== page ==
The disrespect and hostility that this woman received from the hospital staff are, indeed, grievous. As some others have pointed out, the choice of hospital (if you are going to birth in the hospital) might be just as, or even more important, than choice of care provider in achieving the birth you want. Some hospitals, such as in the area where I live, are very focused on improving patient satisfaction and enhancing interpersonal skills of their staff (as well as many other things) so that people will have a good experience there and recommend the hospital to others. Basically, financial pressures/competition are “forcing” the hospitals to be more patient-centered and compassionate. Unfortunately, so many women live in areas where there are fewer hospitals to choose from or their choices are limited by insurance. It is a tragedy that so many “care providers” are actually not caring at all.

  • Sarah

    I know why she feels ashamed, the way she described her feelings is SO similar to how I feel about my birth story in a lot of ways, except my 38hrs of hellish back labour meant that I was unable to leave as I couldn’t walk and was absolutely exhausted. It all went so downhill and even now, 11 months later, I cry about how the birth spanned out, and how I wish I’d said NO louder and stronger so they actually listened to me. And how I wish I could have walked out. I’ve never written it down, its too painful still. I applaud this mama’s courage for sharing her story – big love to you.

    • Kristy Alger

      I had a 24 hour back labour with my first. I never thought it unnatural until I had my second girl eight years later, within four hours of active labour. I never realised just how passive I was. I never realised how I jeopardised my baby by not speaking against what the doctors and midwives told me to do. I had no idea that by letting them dictate the conditions under which I would labour would have lasting lifetime complications (I have severe back problems due to that bloody epidural). But you know Sarah, I refuse to cry now. That means the hospital wins. My second baby helped me so much, she healed my wounds, if not the physical, definitely the emotional. The longer we cry for, the deeper the wounds become. Us birthing mums have simply done what we could to the best of our abilities at the time. Now is the time for renewal. Maybe writing it down, even for yourself, might be a healing experience? Get it all out on paper, then burn it. Watch the words of pain and shame disappear into ash and smoke. Then turn to your baby, and revel in the joy your baby respresents!

  • LSal

    I am appalled at reading this -and crying for that poor, poor mumma. That’s a disgrace right there, that hospital. What “care”? What “attention”? “Painful exam” had me in tears…I do hope she knows she knows best x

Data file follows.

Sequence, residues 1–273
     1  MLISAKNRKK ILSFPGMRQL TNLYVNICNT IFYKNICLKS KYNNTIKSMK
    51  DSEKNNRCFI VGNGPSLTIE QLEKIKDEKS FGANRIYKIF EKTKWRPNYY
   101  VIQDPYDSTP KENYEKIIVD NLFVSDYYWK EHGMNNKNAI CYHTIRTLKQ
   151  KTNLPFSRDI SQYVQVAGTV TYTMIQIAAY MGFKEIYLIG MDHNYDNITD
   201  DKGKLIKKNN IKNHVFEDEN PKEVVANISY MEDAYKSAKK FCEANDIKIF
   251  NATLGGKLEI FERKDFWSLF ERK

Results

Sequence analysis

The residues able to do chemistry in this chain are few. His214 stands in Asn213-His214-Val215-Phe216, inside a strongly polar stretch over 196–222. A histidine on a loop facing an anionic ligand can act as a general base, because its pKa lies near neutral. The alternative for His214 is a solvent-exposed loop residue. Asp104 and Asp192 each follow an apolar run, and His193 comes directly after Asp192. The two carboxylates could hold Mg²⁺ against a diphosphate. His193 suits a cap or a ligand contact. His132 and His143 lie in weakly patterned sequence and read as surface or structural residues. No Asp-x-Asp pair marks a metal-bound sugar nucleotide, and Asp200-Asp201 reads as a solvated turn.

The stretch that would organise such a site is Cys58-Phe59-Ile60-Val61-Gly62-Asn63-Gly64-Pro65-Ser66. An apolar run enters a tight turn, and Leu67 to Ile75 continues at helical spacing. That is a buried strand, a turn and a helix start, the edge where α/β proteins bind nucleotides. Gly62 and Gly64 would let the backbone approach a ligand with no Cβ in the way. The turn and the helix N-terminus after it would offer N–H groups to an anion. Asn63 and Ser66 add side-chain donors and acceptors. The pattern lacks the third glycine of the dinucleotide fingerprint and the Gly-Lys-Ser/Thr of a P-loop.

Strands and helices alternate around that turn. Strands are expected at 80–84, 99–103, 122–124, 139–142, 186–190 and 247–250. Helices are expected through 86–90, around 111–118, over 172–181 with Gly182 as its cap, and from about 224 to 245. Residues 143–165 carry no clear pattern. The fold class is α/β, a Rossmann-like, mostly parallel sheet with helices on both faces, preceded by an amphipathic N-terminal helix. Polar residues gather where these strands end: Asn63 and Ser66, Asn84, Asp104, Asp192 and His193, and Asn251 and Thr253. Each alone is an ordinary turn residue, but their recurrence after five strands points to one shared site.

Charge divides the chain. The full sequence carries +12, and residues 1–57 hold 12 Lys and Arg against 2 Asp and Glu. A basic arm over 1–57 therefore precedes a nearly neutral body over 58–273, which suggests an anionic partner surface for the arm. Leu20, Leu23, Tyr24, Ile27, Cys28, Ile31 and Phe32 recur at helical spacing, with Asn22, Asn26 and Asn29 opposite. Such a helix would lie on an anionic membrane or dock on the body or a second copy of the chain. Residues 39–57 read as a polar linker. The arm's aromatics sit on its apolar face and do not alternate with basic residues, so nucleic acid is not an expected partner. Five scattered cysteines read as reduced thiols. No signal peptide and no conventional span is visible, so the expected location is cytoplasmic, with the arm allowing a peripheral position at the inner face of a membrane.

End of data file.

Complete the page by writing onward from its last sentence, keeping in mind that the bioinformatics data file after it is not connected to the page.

• Jen H

    Our “natural” birth in the hospital didn’t go so well either. We had intermittent monitoring, which meant I was stuck in the bed on and off for 30 mins at a time. What I was most disappointed with was the pushing stage. My water broke at around 8 cm and I was 9 almost 10 but they didn’t want me pushing until I was a full 10. A few mins after my last check, I could not stop my body from bearing down. I screamed and fought it, and the nurse checked me again. 10. I could push. I was so excited to finally be able to do something active. The nurse got me a push bar and I was trying to squat and push, when my doctor came in.

    I didn’t see his face, but my husband said he looked pissed. There was a miscommunication somewhere and he thought Baby was crowning. So he basically tells me that squatting and standing are just going to wear me out and I need to lay on my back because everyone always ends up in that position anyway. At this point, I had a bazillion protests but the room was filling up with strangers and I just obeyed. Then nurses surrounded me, barking orders at me, grabbing my ankles and shoving my knees to my chest, and one nurse pushed my neck and head forward and shouted at me if I moaned or yelled. I was forced to “purple push” and the doc did the numbing injections because I “needed them to relax the tissue so it could stretch”. 20 mins of pushing and he was out. He’d passed meconium, so they deep suctioned him and then put him on my chest. At least I got to breastfeed him before they moved us to a regular room.

    The suctioning caused problems with my son’s latch, and breastfeeding was a misery for weeks. I tore, but not too badly. We roomed in, but there were times he “had” to go to the nursery, and I found out later they gave him sugar water or formula, even though they KNEW we were breastfeeding exclusively.

    I was really depressed and cried for weeks whenever I thought about the birth. I was so ashamed and felt cheated/betrayed. Everyone told me, “Forget about it. The outcome was that you had a beautiful, healthy boy.” but it’s taken months and months for the hurt to go away.